July 9, 2001
Working with Partners
This is Genevieve Johnson speaking to you from Madang in Papua New Guinea.
The World Wildlife Fund (WWF) is a global environmental conservation organization and one of our partners in the Voyage of the Odyssey. We recently met with the project managers of the South Pacific Program who were here in Madang, where they are currently setting up a new field office, to talk about conservation priorities in the region. They discussed with us their work with the local communities in creating effective policy and management strategies in order to prevent further biodiversity loss and of the implementation of effective solutions via a long-term vision and commitment.
Kilyali Kilat, the WWF, Papua New Guinea Country Manager explains:
The World Wildlife fund (WWF) has been active in Papua New Guinea for the last ten years in promoting conservation and the sustainable use of natural resources in the country. A particular emphasis is placed on empowering local communities to have the ability to manage their own natural resources. We work very closely with the national government, non-government organizations (NGOs) and other donor agencies in achieving this. Some of our approaches include raising awareness, capacity building and promoting alternative income earning opportunities in Papua New Guinea.
As Papua New Guinea is a developing country, we are faced with a challenge when it comes to working with the local communities. On one level, we work with the national government on a broad policy setting level. Secondly, our WWF program in Papua New Guinea is working at the local levels, particularly with the landowners. The landowners are the ultimate decision-makers and they are the beneficiaries of the Natural resources in Papua New Guinea.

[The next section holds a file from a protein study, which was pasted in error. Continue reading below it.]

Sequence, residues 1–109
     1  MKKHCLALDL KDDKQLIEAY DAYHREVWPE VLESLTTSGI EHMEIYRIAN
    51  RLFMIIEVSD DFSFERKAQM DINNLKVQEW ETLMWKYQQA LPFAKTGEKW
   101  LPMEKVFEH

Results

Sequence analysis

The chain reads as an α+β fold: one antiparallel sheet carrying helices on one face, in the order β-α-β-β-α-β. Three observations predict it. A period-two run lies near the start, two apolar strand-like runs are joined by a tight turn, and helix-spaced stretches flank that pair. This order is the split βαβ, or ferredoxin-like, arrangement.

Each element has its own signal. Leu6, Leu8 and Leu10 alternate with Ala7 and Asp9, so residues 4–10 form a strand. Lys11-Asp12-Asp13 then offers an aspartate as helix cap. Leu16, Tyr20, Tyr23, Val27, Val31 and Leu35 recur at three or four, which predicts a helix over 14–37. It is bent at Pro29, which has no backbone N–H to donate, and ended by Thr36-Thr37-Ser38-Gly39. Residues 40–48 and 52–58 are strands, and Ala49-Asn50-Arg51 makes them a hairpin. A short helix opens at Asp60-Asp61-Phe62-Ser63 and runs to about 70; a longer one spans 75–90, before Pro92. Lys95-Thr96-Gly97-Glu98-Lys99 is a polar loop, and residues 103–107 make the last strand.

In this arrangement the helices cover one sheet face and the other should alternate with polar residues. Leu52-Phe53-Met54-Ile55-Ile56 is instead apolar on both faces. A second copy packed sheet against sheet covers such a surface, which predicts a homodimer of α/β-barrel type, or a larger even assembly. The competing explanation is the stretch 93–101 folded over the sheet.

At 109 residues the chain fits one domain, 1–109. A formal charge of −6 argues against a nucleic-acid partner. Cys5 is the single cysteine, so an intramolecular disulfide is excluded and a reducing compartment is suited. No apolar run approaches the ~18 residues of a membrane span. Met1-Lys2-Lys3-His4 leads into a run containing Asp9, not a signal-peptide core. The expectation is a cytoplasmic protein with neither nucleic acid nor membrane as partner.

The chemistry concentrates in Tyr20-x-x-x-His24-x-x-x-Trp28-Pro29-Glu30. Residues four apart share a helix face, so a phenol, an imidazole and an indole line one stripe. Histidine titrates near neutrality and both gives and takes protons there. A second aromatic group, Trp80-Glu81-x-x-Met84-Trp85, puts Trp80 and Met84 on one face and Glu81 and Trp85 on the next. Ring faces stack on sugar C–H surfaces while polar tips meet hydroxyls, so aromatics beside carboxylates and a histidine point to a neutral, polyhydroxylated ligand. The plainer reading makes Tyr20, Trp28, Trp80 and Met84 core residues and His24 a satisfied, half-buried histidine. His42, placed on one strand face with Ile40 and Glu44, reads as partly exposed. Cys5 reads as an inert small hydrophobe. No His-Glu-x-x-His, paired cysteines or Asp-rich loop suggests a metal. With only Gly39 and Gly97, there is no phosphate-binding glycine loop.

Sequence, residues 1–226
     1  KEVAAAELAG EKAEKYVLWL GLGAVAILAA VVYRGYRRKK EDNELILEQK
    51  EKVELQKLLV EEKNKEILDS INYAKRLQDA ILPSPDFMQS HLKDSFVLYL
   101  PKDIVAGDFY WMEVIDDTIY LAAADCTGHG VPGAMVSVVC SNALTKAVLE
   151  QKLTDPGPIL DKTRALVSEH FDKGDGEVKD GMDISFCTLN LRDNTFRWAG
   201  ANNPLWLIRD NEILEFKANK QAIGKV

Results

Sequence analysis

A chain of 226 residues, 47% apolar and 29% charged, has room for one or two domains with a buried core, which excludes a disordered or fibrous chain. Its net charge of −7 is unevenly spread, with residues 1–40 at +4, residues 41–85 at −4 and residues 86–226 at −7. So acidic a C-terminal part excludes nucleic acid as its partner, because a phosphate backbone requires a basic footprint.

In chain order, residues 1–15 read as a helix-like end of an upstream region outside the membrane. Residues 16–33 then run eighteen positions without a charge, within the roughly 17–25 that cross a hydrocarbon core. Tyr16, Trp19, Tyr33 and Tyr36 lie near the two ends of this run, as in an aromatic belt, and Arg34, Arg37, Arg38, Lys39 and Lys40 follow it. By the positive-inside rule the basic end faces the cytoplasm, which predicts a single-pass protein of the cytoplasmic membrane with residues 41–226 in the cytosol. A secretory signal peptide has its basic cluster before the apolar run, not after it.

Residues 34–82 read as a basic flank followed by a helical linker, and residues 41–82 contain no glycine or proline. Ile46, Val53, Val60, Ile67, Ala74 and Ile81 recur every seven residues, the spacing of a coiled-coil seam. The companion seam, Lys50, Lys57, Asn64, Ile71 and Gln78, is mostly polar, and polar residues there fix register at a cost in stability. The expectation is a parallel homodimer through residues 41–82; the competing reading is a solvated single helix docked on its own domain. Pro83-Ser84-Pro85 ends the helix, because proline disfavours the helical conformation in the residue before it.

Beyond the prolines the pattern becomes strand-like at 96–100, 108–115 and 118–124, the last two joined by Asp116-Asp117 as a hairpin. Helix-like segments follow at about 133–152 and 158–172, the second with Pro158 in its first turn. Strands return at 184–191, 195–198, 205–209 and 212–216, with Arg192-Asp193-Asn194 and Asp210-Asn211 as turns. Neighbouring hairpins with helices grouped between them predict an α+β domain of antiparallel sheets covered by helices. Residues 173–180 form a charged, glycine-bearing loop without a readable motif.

We do not wish to be only playing an advocacy role, we want to be serious in terms of being out in the field, living with the community so we can help them to understand the development and conservation challenges we are facing in Papua New Guinea. We aim to provide them with options that will help the local communities make the best decisions for themselves.
There are a lot of mining and logging companies doing a lot of damage to the interior of the country, which are actually contributing to sedimentation being washed into the river systems. We know that this is having a big impact on the marine life. We are conscious of this and we would like to raise the consciousness of local communities so they are aware of these issues.
Within this context, I must say that the job being done by the Ocean Alliance in discovering the existence of a sizable sperm whale population in the Bismarck and Solomon Seas is very important to note. We as a conservation agency have plans in identifying the Bismarck and Solomon Seas as a priority 'ecoregion'. WWF is considering developing a bigger program in this region. Through the Madang program, we believe this will give us that opportunity and knowing about the presence of a sperm whale population in this ecoregion, we are very excited about that. We would like to look at opportunities where the Ocean Alliance and the World Wildlife Fund can work together.
The offices of WWF Madang.
Photo: Chris Johnson
The work being done here in Papua New Guinea by the World Wildlife Fund is crucial in terms of raising awareness and offering solutions to the environmental problems this country, so rich in natural resources is facing.
I think the feelings of both the Ocean Alliance and the WWF are most accurately reflected in the words of
WWF Project Coordinator for the Sepik Region, Willie Jondus:
Thank you Ocean Alliance for the opportunity given, I'd like us to keep in touch and keep communications open, I think lots can be achieved together as a team, where we can share knowledge and experience.
Log by Genevieve Johnson